Edinburgh in 1873: A look back at what Edinburgh life was like 150 years ago

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A look back at what life in Edinburgh was like in 1873 – the year the Evening News was born

Edinburgh has changed a lot since the first issue of the Evening News hit the streets in a Capital where there were no cars, no mobile phones, no televisions and no electricity.But some of today’s most familiar landmarks were already there a century and a half ago: the two galleries at The Mound – the National Gallery and Royal Scottish Academy – and the Scott Monument were all part of the established landscape. The General Post Office in Waterloo Place, now Waverley Gate, had opened a few years before Princes Street, where the buildings had once been mostly houses, was becoming recognised instead as a business district. But there was no sign yet of either of the grand hotels, the North British (Balmoral) or the Caledonian, at the east and west ends of the street respectively.In 1873, William Gladstone was British prime minister, Benjamin Disraeli leader of the opposition and Queen Victoria was on the throne. It was also the year that missionary and explorer David Livingstone died, the statue to Greyfriars Bobby was erected, Granton gas works was built and the UK saw its first chocolate Easter egg.So what was life like in Edinburgh 150 years ago? Horses were the main form of transport and there were hansom cabs – two-wheeled carriages drawn by a single horse, which could carry two or three passengers, and were designed for speed and safety. Horse-drawn trams had started running on the city’s streets two years earlier; records show that in 1874 Edinburgh’s tram service was operated by 32 open double-deck cars and 300 horses.

The population of the Capital in 1873 was around 200,000. Leith and Portobello were firmly outside the city boundaries and Fettes was still surrounded by countryside. But there seem to have been plenty of big construction projects on the go then as now.

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Plans were afoot to replace the Royal Infirmary main hospital in Infirmary Street with a new one in Lauriston Place. The Royal Scottish Museum in Chambers Street was being extended, while St Giles Cathedral was undergoing major restoration work. And the following year work would start on building St Mary’s Episcopal Cathedral in Palmerston Place.The railway had been running through Princes Street Gardens since 1845, but West Princes Street Gardens were still the preserve of the New Town residents. Three years later the gardens would be acquired by the town council and opened as a public park. There was a thriving theatre scene, including the Southminster Theatre on the site of today’s Festival Theatre in Nicolson Street, though it was to be gutted by fire in 1875. There was the Royal Princess’s Theatre, also in Nicolson Street, and the Theatre Royal in Broughton Street.Whisky was a shilling a pint. And football was only just beginning to become a popular sport – Hearts and Hibs would be formed in 1874 and 1875, though the Scottish Football Association and the Scottish Rugby Union were both established in 1873.An advert in the Evening News for the popular Royal Gymnasium at Canonmills – created by a city philanthropist as a place for people to exercise and enjoy themselves at an affordable price – said it was “now in full swing and full sail”, a reference to its biggest attraction: a 60ft “boat” on a circular pond with room for 600 people to sit and row, with paddle wheels making it go round in an undulating motion.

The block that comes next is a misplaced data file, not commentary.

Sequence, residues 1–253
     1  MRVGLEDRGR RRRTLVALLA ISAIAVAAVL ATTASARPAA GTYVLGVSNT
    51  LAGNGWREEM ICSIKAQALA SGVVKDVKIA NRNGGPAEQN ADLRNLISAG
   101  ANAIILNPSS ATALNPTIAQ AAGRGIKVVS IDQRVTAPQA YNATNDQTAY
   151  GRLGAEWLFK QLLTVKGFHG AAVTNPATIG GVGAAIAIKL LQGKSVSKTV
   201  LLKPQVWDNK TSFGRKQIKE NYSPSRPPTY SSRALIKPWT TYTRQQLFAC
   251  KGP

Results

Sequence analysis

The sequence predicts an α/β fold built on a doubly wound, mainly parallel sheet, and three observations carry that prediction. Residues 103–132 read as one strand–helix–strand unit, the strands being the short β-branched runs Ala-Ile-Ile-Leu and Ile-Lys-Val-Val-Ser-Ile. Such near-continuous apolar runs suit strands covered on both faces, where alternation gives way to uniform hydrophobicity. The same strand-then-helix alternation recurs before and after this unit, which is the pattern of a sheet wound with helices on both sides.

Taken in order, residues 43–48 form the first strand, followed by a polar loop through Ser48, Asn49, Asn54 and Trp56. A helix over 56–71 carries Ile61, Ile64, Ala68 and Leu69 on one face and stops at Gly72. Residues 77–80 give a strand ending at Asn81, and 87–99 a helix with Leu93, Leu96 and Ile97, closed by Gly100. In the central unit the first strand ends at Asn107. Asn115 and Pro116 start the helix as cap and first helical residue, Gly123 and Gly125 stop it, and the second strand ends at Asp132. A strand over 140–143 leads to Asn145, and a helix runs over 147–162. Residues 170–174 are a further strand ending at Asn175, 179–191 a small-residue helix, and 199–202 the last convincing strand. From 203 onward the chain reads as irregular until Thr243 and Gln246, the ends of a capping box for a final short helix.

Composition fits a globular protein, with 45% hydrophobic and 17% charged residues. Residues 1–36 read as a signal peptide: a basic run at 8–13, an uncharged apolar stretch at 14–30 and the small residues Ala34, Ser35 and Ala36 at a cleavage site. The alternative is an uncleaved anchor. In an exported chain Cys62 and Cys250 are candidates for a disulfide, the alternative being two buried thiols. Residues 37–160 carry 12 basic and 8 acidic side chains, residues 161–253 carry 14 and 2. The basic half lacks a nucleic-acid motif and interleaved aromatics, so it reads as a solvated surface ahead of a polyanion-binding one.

A late 19th century photograph of Edinburgh's Waterloo Place, including the General Post Office, now Waverley Gate.A late 19th century photograph of Edinburgh's Waterloo Place, including the General Post Office, now Waverley Gate.
A late 19th century photograph of Edinburgh's Waterloo Place, including the General Post Office, now Waverley Gate.

There was also a giant see-saw for 200 people and, as the advert spelled out, opportunities for “quoiting, putting, throwing the hammer, vaulting, running, etc, etc” and “dancing on the green every Saturday afternoon, weather permitting”.Also advertised in the Evening News were sailings by “saloon steamer” four times a day after July 1 between Leith and Aberdour for a fare of ninepence. The advert added: “Passengers desirous of enjoying the sail without landing, one fare. Works, schools or large parties carried at reduced rates.”In 1873, Scotland’s education system was being reformed as the result of an Act passed the previous year. It brought in a new system of state-sponsored, largely free schools, run by local school boards. It also made education compulsory from five to 13. In time, many new board schools were built and in the cities boards established separate secondary schools.Edinburgh did not have a Chief Constable – the city’s top policeman was known as the Superintendent of Police until 1878. When William Henderson was appointed the Capital’s first Chief Constable in that year he had a force of 400, nine of them detectives. There were around 10,000 crimes a year recorded, 1,500 of them for prostitution. But that included many repeat offences – one year, out of 9,991 arrests, 4,768 were the same people so the number of individuals taken into custody was 6,738.And 1873 marked the start of an international financial crisis which lasted for most of the rest of the decade. Britain was not affected as badly as America and central Europe, but there was a surge in unemployment in industries such as coal, iron and steel, engineering and shipbuilding. And in a scenario all too familiar today, the Bank of England adopted a policy of high interest rates.